CSSEnglish Essay

2 “Brexit means globalisation is the rhetoric of the privileged and capitalism will return Brexit means globalisation is the rhetoric of the privileged and capitalism will return ferociously as ever. 2017

Introduction

The United Kingdom’s decision to leave the European Union (EU) has been a controversial and divisive issue. Supporters of Brexit argue that it will allow the UK to regain control of its borders, laws, and trade policy. However, opponents argue that Brexit will lead to economic and political instability, and will undermine the principles of globalisation and free trade. This essay will explore the argument that “Brexit means globalisation is the rhetoric of the privileged and capitalism will return ferociously as ever.”

Globalisation and Capitalism

Globalisation and capitalism are often seen as two sides of the same coin. Globalisation refers to the process of increasing interconnectedness and interdependence of countries and economies around the world. It involves the free flow of goods, services, capital, and ideas across borders. Capitalism, on the other hand, is an economic system based on private ownership of the means of production and the creation of goods and services for profit.

Supporters of globalisation argue that it leads to greater economic growth, increased efficiency, and improved living standards. However, opponents argue that it leads to inequality, job losses, and the erosion of national sovereignty.

Brexit and Globalisation

Brexit has been seen by some as a rejection of globalisation. Supporters argue that leaving the EU will allow the UK to regain control of its borders, laws, and trade policy, and will enable it to pursue its own interests without interference from Brussels. However, opponents argue that leaving the EU will have negative consequences for the UK’s economy and its position in the global market.

One of the key issues with Brexit is the uncertainty it has created for businesses and investors. The UK’s departure from the EU has created a number of challenges for businesses, including the loss of access to the single market and customs union, and the potential for increased tariffs and trade barriers. This has led to a decline in business confidence and investment, which has had a negative impact on the UK economy.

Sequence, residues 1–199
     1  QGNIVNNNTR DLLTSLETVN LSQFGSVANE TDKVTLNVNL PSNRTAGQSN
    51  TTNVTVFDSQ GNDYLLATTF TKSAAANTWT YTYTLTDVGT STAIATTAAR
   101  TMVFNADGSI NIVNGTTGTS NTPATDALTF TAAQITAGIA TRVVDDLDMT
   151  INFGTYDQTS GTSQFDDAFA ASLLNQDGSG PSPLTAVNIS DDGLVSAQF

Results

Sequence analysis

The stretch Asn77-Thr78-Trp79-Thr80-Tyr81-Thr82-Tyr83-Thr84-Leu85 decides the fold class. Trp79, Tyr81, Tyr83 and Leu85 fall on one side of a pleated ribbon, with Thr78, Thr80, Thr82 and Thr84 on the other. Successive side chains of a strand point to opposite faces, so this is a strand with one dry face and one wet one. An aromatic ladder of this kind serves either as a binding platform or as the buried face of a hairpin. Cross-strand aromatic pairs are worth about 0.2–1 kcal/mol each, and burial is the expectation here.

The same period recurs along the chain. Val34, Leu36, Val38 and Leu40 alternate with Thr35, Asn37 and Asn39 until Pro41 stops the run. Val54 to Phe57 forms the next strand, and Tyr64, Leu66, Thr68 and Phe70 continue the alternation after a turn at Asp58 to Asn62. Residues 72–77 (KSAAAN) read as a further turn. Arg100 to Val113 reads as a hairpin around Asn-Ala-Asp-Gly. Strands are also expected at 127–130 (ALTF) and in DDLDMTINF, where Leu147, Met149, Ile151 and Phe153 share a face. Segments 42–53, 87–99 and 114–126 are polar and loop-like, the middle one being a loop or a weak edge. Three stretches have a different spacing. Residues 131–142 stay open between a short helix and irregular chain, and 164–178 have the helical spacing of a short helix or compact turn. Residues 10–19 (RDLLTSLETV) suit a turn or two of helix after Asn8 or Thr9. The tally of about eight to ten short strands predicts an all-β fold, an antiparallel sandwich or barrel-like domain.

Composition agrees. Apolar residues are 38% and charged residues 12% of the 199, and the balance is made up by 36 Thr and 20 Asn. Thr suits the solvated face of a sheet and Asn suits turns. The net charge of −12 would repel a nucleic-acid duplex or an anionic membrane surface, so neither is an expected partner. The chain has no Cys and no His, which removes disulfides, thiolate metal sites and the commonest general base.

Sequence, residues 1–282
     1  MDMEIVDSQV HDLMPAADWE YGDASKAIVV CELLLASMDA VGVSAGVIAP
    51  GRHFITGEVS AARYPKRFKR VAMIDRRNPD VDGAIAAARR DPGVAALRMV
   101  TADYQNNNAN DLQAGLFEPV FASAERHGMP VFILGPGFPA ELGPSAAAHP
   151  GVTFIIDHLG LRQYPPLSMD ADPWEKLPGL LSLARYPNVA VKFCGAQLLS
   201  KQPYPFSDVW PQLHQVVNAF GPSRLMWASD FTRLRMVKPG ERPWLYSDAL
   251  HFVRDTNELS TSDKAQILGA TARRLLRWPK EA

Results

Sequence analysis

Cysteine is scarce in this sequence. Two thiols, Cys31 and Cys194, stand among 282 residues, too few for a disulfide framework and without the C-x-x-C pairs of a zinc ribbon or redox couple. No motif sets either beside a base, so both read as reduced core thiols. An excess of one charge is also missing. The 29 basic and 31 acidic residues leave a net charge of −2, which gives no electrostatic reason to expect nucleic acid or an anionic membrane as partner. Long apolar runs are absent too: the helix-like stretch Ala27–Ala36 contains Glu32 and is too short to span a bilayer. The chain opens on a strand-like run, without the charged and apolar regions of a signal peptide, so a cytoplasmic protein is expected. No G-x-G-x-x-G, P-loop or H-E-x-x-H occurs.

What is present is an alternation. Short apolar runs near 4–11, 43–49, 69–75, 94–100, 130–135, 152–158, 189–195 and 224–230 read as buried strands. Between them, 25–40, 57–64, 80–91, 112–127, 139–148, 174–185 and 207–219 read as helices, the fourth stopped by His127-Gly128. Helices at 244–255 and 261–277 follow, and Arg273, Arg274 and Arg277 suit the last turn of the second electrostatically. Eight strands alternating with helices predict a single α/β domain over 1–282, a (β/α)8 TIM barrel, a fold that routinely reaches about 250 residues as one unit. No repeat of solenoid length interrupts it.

Brexit and Capitalism

The argument that “Brexit means globalisation is the rhetoric of the privileged and capitalism will return ferociously as ever” suggests that leaving the EU will lead to a return to unfettered capitalism, with little regard for workers’ rights or social welfare.

Supporters of Brexit argue that leaving the EU will allow the UK to reduce regulation and bureaucracy, and create a more business-friendly environment. However, opponents argue that this will lead to a race to the bottom, with companies competing to reduce costs and increase profits at the expense of workers and the environment.

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Brexit has already had an impact on workers’ rights, with the UK government announcing plans to review employment law and regulations. This has led to concerns that workers’ rights could be undermined, particularly in areas such as holiday pay, working hours, and protections for agency workers.

Conclusion

In conclusion, the argument that “Brexit means globalisation is the rhetoric of the privileged and capitalism will return ferociously as ever” suggests that leaving the EU will lead to a return to unfettered capitalism, with little regard for workers’ rights or social welfare. While it is too early to say what the long-term impact of Brexit will be, it is clear that it has created significant uncertainty and challenges for the UK economy and its position in the global market. It is important for the UK government to ensure that Brexit does not lead to a race to the bottom, and that workers’ rights and social welfare are protected in any future trade deals or regulations.

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